By Bonnie S. Benwick
Washington Post Staff Writer
Tuesday, November 9, 2010; 11:55 AM
Joan Nathan is nervous. Nervous about the challah she is getting ready to make in her Washington kitchen.
The author of America's most beloved Jewish cookbooks, including the prized "Jewish Cooking in America," has made thousands of braided egg breads. But this is the first time she will attempt to produce two freshly baked loaves, start to finish, in under 60 minutes in front of an audience.
The relevatory recipe comes from her new "Quiches, Kugels, and Couscous: My Search for Jewish Cooking in France" (Knopf), the culmination of a lifetime's study and passion.
"No one is going to believe this bread," she says. "Everyone is going to want to make it."
Nathan learned about the pain petri, or kneaded bread, through the process she knows best: a taste, an inquiry about who prepared it, an interview and a bake-along. She taps into a connection and then has one more story to tell.
In this case, Bordeaux caterer Georgette Hamier had made long, double-twisted challahs whose interiors were shot through with anise seed. They were for the grand rabbi of Bordeaux, who had invited Nathan to his home for a Sabbath dinner.
Hamier lives in a fifth-floor walk-up. As Nathan took notes on a laptop in the apartment's small galley, the elderly woman talked about her mother, who had been a baker in the Jewish quarter of Fez, in Morocco. Hamier described her own journey to Israel and then France, where she makes 10 challahs a week for the rabbi's synagogue. The Bordeaux baker "used neither measuring cups nor an electric mixer to make her bread," Nathan writes. Hamier told her it would take one hour.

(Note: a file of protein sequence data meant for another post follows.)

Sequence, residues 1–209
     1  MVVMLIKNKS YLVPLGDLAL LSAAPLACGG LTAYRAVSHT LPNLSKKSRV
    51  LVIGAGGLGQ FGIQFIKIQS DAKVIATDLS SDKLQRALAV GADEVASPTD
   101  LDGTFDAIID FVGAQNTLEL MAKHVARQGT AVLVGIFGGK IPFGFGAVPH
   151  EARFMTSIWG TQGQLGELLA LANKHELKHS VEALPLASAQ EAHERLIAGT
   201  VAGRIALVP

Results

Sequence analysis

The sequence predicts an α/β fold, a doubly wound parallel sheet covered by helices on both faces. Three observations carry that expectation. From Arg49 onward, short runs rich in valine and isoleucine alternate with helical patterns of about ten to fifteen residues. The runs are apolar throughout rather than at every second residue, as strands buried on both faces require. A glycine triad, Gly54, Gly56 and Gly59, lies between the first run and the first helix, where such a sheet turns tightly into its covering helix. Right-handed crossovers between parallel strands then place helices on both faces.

Nathan's penchant for research completes the bread's story and significance in the recipe's headnote: how women in the Middle Ages kneaded dough, then brought their shaped loaves to bake in public ovens, and what that ritual meant to Jews in Morocco. Finally, the experienced recipe writer adapts the ingredients and directions for a modern cook, testing the food herself.
"I'm always learning from people," she says, in addition to what she gleans from 14th-century French manuscripts, piecing together information from libraries and sources, and following leads from trusted experts. She commands instant recall of much of what she studies.
A conversation with the sophisticated 67-year-old Rhode Island native that lasts more than 10 minutes can prompt the notion there ought to be a Six Degrees of Joan Nathan game. She counts some of the world's most famous chefs and food luminaries as friends; they, in turn, admire her intellect and find it endearing that when Nathan tells a story, tangents are de rigeur.
Nathan the challah maker gathers enough yeast, eggs, vegetable oil, salt, sugar, anise seed and a small jar of roasted sesame seeds from a Chinese market to make half the recipe. She opens a lined drawer full of flour at the baking station in her kitchen; it's an idea from her friend, cooking instructor Patricia Wells.
The bread clock starts.
"We'll see what happens. Maybe it won't work," she frets, pulling just-formed dough from the stand mixer's hook attachment. Nathan recites a ditty from medieval times that she came across during research for the book: If you make bread with oil, you're Jewish. If it's lard, you're a goy.
"I would have loved to work on 'Quiches' for much longer," she says. "But my mother said, 'Get rid of the book already!' Nathan worked on it officially for four years. Her love of all things French dates to age 17, when her father sent her to that country to improve her language skills. Her French today is impeccable, but Nathan says she often brings someone to translate during interviews because "the non-cooking comments come very fast."